13 Nov, 12 | by BMJ
One of the conclusions of Ben Goldacre’s important book Bad Pharma is that our current system of publishing science is broken. More and more people are reaching that conclusion, and pressure is building to blow apart the present system. Goldacre’s prime concerns are not only that many drug trials are not published, but also that major journals are making large sums of money while being used to exaggerate the effectiveness and safety of drugs. But the system is also slow, wasteful, ineffective in terms of reliably sorting studies and detecting errors, inefficient, largely a lottery, anti-innovatory, and prone to bias and abuse.
We are entering the phase that the economist Joseph Schumpeter called “creative destruction” when new systems and ways of doing things sweep away the old. Famously, “the future is here but not evenly distributed,” and in the past few weeks I’ve seen glimpses of the future.
The first is F1000Research, which began in July and has the slogan “Open science, open data, open peer review.” It’s the latest invention of Vitek Tracz, who I always describe as the Picasso of scientific publishing in that he has introduced important innovations not once but repeatedly.
F1000Research, will post papers, including opinion pieces and case reports as well as clinical trials and other studies, within hours of them being submitted. If a study includes data then the authors must make it available—as the BMJ is now insisting on for clinical trials. With F1000Research the data will be available through the website. The data are citable, and the creators of the data will be credited when their data are used for new studies.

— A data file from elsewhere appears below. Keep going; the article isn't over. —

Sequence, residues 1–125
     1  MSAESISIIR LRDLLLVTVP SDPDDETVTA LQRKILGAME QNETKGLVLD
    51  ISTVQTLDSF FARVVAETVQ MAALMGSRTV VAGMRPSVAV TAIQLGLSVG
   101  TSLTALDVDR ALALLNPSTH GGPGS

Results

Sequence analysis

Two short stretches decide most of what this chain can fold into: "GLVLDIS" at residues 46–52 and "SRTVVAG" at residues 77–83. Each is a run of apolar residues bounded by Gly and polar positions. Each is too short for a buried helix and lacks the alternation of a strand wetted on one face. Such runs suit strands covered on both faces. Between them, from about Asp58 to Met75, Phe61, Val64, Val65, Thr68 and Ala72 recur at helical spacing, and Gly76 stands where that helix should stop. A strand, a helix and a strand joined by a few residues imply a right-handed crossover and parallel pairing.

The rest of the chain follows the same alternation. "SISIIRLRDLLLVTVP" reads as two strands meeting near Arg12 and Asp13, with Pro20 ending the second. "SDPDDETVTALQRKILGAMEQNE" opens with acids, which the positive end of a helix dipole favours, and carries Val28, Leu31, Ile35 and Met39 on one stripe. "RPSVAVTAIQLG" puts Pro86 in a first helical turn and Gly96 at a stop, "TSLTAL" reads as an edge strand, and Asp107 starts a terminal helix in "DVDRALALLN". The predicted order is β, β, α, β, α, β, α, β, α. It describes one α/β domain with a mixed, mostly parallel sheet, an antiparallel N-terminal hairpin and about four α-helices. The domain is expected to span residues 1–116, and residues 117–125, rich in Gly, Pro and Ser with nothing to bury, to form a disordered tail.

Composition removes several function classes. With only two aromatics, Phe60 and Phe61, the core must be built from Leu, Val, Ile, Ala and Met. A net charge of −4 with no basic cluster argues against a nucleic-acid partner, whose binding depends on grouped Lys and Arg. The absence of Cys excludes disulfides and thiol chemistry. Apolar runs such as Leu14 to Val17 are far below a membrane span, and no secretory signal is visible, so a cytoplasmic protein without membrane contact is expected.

As the paper is posted it will be sent to reviewers who are asked to make one of three possible judgements: approved, approved with reservations, or not approved. Reviewers are encouraged to read papers quickly and to approve if the paper seems acceptable in that the conclusions are supported by the methods and data. (It seems to me that this can almost always be the case if the conclusions are suitably cautious.) If reviewers approve the paper then they don’t need to write anything but simply give it a green tick, which appears with their name on the website. Once a paper has two ticks it is indexed in Scopus and Embase and probably soon in PubMed and PubMed Central. Papers are being approved in days.
If the authors approve with reservations or do not approve then they must give reasons. A decision of “approve with reservations” is indicated by a green question mark and a “do not approve” with a red cross. Papers and reviewers’ comments will remain on the site even if they are not approved, but they will not be indexed.
Readers can comment on papers and spread them through social media (Twitter and Facebook) from the moment they are posted.